We all need to do more to protect these animals and our Planet…make your voice heard…before there is nothing left….. jboy2244
Terrified face of the trafficked gorilla: Little Shamavu found cowering in poacher’s bag after his family were killed
- Only 790 mountain gorillas remain on the planet
- ‘We are powerless to control the international trade in baby gorillas’
By Oliver Pickup
With fearful eyes and defensive body language, baby gorilla Shamavu does not realise how close he came to being sold by poachers on the black market for £25,000.
The one-and-a-half-year-old animal was rescued by the Congolese Wildlife Authorities rangers earlier this month in the Democratic Republic of Congo’s Virunga national park in the latest sting operation designed to halt an upsurge in trafficking.
The illegal trading, which is threatening the existence of the already endangered species, is being stamped out – this was the fourth such incident since April – but there are still many gorillas who are not as fortunate as Shamavu.
Scroll down to see a video of Shamavu’s rescue
Lucky escape: The Congolese Wildlife Authorities rescued little Shamavu earlier this month – but how many other baby gorillas are sold on the black market?
Never before have so many poachers been caught in one year – a figure which highlights the high risks they are willing to take in order to try and secure a pay bonanza
According to the latest figures there are believed to be only 790 mountain gorillas left on the planet – and almost 500 of them are found in the Virunga volcanoes, a conservation area, which is spread across DR Congo, Rwanda and Uganda.
The other 300 or so creatures can be found in the Bwindi Impenetrable Forest in Uganda.
Shamavu, the one-and-a-half-old mountain gorilla, is one of four rescued from the clutches of poachers since April
The tiny gorilla is nursed back to health by the workers at the Congolese Wildlife Authorities centre
Feeding time: Shamavu is given some vital nutrients having been found in a tiny rucksack
‘We are very concerned about a growing market for baby gorillas that is feeding a dangerous trafficking activity in rebel controlled areas of eastern DRC,’ director of Virunga national park, Emmanuel de Merode, told the Guardian.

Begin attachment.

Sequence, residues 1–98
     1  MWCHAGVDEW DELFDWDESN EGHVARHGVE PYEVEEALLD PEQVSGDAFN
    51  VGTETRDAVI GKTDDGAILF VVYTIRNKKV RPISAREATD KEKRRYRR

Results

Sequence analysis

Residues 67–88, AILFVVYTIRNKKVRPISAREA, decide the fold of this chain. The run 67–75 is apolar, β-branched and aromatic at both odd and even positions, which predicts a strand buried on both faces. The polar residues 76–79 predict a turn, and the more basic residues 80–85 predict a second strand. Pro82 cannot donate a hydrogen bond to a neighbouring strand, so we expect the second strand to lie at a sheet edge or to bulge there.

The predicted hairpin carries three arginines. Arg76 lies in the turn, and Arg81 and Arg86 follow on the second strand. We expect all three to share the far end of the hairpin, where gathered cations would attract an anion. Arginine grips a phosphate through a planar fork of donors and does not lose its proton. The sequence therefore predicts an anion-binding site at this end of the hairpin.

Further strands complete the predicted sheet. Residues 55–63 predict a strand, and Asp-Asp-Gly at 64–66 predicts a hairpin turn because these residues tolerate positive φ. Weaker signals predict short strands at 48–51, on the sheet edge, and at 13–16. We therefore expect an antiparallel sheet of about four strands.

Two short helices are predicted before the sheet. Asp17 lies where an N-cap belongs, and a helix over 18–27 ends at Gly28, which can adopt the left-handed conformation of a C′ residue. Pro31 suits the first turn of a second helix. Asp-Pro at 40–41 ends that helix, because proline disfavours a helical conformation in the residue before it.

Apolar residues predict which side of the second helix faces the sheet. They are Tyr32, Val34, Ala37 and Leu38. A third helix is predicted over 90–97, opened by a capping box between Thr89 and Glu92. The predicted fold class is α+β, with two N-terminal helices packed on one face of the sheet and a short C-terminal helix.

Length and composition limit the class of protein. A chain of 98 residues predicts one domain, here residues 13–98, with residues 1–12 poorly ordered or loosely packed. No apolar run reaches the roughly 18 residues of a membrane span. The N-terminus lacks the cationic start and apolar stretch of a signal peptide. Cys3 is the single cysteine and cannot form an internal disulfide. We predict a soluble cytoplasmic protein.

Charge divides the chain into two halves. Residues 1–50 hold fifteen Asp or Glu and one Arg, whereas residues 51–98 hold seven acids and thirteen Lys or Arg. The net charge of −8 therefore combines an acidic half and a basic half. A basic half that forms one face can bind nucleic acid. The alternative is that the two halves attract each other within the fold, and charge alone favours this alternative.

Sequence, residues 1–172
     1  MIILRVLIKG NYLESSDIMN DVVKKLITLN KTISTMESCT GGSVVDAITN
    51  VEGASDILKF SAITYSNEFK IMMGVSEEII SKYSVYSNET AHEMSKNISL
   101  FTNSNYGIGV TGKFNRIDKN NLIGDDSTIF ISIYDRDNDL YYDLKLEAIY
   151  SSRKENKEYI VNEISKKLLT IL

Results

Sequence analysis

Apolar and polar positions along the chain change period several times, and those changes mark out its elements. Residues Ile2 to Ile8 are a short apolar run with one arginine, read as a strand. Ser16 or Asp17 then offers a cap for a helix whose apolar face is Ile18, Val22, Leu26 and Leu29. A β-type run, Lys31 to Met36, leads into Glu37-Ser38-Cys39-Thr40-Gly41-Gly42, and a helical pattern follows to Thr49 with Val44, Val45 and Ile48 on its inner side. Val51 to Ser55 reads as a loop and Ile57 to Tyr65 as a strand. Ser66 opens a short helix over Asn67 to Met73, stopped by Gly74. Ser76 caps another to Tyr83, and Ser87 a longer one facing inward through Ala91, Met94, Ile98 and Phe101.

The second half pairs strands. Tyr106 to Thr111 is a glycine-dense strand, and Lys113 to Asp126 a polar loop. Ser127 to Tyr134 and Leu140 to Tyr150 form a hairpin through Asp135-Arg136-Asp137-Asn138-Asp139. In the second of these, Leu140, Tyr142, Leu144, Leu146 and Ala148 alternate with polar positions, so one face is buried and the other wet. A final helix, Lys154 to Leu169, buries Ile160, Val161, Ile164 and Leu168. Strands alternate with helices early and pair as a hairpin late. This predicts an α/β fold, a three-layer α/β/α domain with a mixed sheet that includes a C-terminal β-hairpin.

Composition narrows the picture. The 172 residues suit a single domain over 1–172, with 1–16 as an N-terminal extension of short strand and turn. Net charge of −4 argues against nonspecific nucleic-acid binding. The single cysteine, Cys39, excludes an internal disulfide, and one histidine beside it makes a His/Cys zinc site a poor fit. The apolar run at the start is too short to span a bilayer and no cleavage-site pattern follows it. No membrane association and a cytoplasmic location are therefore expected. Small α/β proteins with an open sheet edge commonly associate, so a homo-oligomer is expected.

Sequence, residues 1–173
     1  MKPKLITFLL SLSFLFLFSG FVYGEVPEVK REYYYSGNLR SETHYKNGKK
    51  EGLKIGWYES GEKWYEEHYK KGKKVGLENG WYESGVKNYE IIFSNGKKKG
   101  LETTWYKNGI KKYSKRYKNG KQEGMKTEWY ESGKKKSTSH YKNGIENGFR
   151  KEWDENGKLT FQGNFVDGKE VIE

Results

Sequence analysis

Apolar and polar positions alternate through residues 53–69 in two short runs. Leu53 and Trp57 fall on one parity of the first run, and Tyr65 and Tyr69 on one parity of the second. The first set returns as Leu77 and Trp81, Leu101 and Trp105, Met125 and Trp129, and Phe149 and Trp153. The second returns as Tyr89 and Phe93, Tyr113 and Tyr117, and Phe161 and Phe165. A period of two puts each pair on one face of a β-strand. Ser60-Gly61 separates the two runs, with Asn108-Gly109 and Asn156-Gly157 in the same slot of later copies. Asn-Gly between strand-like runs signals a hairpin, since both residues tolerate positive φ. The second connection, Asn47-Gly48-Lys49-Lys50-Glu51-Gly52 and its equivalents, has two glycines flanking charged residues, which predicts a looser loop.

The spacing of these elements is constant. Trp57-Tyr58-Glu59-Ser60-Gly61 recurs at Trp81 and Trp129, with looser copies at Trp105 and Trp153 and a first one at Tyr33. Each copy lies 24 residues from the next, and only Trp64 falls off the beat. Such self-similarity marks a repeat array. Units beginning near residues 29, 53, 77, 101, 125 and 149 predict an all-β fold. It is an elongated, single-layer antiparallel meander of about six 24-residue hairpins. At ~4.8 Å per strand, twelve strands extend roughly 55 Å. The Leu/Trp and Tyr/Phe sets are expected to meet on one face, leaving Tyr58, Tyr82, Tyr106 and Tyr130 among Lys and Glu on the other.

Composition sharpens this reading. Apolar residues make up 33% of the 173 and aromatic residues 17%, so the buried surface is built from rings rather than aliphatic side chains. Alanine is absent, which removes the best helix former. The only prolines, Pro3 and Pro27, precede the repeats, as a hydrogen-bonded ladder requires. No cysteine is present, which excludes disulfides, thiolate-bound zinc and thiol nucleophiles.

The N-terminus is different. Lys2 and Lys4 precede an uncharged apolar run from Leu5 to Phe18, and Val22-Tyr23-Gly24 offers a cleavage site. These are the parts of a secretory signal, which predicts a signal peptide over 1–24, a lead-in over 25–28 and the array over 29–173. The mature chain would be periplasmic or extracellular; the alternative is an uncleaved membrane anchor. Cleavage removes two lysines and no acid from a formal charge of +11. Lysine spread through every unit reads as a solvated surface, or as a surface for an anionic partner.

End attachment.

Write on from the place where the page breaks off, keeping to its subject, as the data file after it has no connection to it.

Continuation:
‘We are powerless to control the international trade in baby gorillas, but our rangers are doing everything they can to stamp it out on the ground.
‘Four baby gorillas seized in less than a year is unusually high … [but] it’s only the tip of the iceberg, as we only manage to catch a small proportion of the offenders because the wildlife service is under-resourced in Congo.’
Dr Jan Ramer, pictured, said of Shamavu: ‘He appears to be quite healthy other than some parasites and dry skin.’
Saved: The one-and-a-half-year-old baby mountain gorilla is one of only 790 in the world
The Congolese Wildlife Authorities have begun to pose undercover in order to catch out poachers – and that is how Shamavu was rescued on October 6, in Kirumba, a town on the western border of the national park.
The rangers, led by Christian Shamavu – whose name was taken and used for the baby gorilla – dressed in normal clothes and successfully negotiated a price for the animal, which was hidden in a small backpack.
When the time was right, they arrested the trio of poachers for possession of a gorilla and Mr Shamavu told the Guardian: ‘It’s very likely that the mother and other gorillas were killed because it’s very difficult to take a baby gorilla from its family.
‘The poachers will never admit to this, though.’
Earlier this year there were three more instances of poachers being caught red handed in DR Congo with baby eastern lowland gorillas, in April and June, and also August, when Rwandan police stopped poachers from smuggling a gorilla over the border.
The poachers mistreat the creatures, who become traumatised through the process.
On of the rangers checks the tiny gorilla’s reactions – and he is in good shape despite being abducted by poachers
After his ordeal, which saw the rangers arrest a trio of poachers on October 6, Shamavu has some well-deserved shut-eye
‘Many of these infants are injured from ropes around their hands, feet or waist, and some are quite ill, which is not surprising as they are generally in close contact with their human captors, extremely stressed, and with very poor nutrition,’ Dr Jan Ramer, a vet with Mountain Gorilla Veterinarian Project (MGVP), partners with Virunga national park, was quoted as saying in the Guardian.
Dr Ramer added of Shamavu: ‘He appears to be quite healthy other than some parasites and dry skin.’
But where is the demand for the endangered animals? Ian Redmond, chairman of the conservation group the Ape Alliance, believes ‘the Middle East is a likely source of demand, wealthy animal collectors and a tradition of giving big gifts to curry favour … and maybe wealthy Russians, but there is little hard evidence.
‘What we do know is that just the rumour that someone is looking to buy a baby ape can be enough for penniless hunters to think: "I could get one of those and sell it for $$$$!" And in eastern DRC, once one is captured it is likely to be smuggled eastwards through either Rwanda or Uganda, the traditional trade routes for all goods in that area.’
Emmanuel de Merode added: ‘Surveillance is the key, at the borders, in the towns, along the roads. The local community are the best surveillance system, if they are on our side.
‘A lot more could be done with respect to international trade, especially in the market countries where there is demand for baby gorillas. There, it’s a question of enacting legislation and enforcing.
‘As far as I know, very little has been done that’s effective with respect to baby gorilla trafficking.’